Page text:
The farmers observed that the Climate Resilient Agriculture technologies were working. They were producing more vegetables with less water. Pest and disease infestation was low. After some initial hesitation, they began to cultivate vegetables not only on their fallow land but also on lands used for cereal cultivation. Jana Lohar, chairperson of the group, notes: “Despite my years of experience in farming since childhood, I had never come across such simple yet effective solutions like using mulch to retain soil moisture and utilizing wastewater. This idea is truly remarkable, and I am grateful for discovering it. I am committed to implementing these practices moving forward.” 

Financial independence and empowerment 

The farmers were enthused by the remarkable production of diverse vegetables in their fields. The newly introduced potato varieties performed so well that all the farmers asked for more seed so they could grow them in other areas. The project in collaboration with Himali rural municipality provided potato seed to all 30 farmers, and they planted them on most of their land. They also used the improved sowing methods that were demonstrated by the project.

The adoption of improved varieties and practices led to a record-breaking potato yield of 60 tons, a twelve-fold increase from previous levels. Dhanu Pandit, one of the farmers who was initially hesitant to adopt the new technologies and varieties, harvested nearly two tons of potatoes, earning herself NPR 30,000 in sales. For the first time, Dhanu felt financially independent. She was able to support her children’s education and repay her loans without her husband's help. She also has other vegetables in the fruiting stage, and she is confident that they will yield well and earn her more income in the coming days.

“The introduction of new farming techniques and potato varieties has completely transformed our lives. I am now able to contribute to my family's income and support my children's education. This project has given me the confidence to pursue a brighter future for myself and my community,” she says.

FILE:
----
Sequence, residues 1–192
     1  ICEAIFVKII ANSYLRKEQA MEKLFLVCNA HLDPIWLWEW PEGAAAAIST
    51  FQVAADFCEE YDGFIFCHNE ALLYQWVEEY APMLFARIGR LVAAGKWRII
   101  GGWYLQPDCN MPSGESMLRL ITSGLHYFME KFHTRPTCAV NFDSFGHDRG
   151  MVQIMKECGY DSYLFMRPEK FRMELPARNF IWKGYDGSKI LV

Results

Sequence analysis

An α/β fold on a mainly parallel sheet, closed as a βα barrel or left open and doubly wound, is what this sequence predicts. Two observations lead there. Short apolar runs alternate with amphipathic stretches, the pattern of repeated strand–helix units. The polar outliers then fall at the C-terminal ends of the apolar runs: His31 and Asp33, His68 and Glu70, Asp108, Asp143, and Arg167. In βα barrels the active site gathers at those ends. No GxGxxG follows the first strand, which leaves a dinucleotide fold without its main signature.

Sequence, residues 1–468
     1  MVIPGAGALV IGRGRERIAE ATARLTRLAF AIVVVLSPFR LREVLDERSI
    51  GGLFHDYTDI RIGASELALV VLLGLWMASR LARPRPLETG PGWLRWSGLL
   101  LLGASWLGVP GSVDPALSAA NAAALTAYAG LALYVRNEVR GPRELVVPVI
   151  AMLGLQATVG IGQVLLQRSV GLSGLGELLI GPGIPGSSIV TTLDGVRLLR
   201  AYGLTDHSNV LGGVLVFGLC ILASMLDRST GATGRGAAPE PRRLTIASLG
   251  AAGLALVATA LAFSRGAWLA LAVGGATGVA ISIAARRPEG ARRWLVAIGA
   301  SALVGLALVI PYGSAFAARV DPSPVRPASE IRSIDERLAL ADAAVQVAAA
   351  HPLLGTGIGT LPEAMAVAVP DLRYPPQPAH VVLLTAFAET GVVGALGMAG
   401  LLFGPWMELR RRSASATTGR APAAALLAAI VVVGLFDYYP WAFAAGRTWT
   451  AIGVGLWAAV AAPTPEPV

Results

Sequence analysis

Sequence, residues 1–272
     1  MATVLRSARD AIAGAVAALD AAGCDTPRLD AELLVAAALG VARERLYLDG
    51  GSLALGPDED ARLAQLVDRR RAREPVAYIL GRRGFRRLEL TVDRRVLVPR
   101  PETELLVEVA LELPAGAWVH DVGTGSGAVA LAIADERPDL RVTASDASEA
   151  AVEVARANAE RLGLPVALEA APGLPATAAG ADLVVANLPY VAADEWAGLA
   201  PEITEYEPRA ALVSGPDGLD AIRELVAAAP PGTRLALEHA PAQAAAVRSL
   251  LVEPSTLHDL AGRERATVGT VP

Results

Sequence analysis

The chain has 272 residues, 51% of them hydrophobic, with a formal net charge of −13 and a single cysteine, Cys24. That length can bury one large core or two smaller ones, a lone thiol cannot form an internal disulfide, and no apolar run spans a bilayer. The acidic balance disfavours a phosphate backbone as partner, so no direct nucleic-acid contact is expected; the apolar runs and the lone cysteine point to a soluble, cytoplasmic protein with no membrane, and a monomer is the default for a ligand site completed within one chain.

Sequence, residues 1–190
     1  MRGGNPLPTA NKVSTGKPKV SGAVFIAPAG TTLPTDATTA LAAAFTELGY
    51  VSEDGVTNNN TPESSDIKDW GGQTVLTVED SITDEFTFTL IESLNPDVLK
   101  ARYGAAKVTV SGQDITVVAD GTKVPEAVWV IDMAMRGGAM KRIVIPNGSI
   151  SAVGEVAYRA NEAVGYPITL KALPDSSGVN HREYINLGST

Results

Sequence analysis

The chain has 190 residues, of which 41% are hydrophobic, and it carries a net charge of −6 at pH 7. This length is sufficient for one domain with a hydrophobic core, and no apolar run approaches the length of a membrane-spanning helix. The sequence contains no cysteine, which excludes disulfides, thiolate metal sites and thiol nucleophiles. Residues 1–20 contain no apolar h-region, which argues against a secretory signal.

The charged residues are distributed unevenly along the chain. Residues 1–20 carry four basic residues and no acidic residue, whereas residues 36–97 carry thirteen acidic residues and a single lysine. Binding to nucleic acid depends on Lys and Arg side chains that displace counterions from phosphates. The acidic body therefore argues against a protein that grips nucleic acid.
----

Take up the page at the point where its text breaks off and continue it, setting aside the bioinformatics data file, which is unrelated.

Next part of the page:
Other women farmers in the village echo her feelings. 

Inspired by the success achieved with potatoes, all the farmers in the Hariyali group transitioned to vegetable farming. They began cultivating profitable crops such as cabbage, cauliflower, and tomatoes, recognising the market demand for these vegetables in nearby areas and other wards of the Himali Rural Municipality. 

Members of farmers group happy to the potatoes prouction
Farmers happy with the increase in potato production.

A model for scaling 

The remarkable progress made by Badhu Village and the Hariyali Farmers' Group has attracted the attention of local government officials. The local government has committed to providing subsidies for agricultural transportation. It has also committed to improving the canal infrastructure to address irrigation water scarcity. 

The GRAPE project has been instrumental in transforming villages like Badhu in the Nepal Himalaya. By organising farmers and advancing climate-resilient agricultural practice in a participatory way, the project has empowered communities to overcome historical challenges such as drought, limited agricultural options, and crop failure. 

The success of the GRAPE project in Badhu has not gone unnoticed. Currently, the project is working with 107 farmers' groups like Hariyali, impacting a total of 1,800 women like Dhanu. These initiatives are empowering women, diversifying farms, and introducing climate-resilient practices in numerous villages, leading to increased agricultural productivity, financial transformation, and women's empowerment. For a district that has consistently ranked last in the HDI and poverty index, this is a sign of hope and renewal. 


Climate Resilient Agriculture Analyst GRAPE, ICIMOD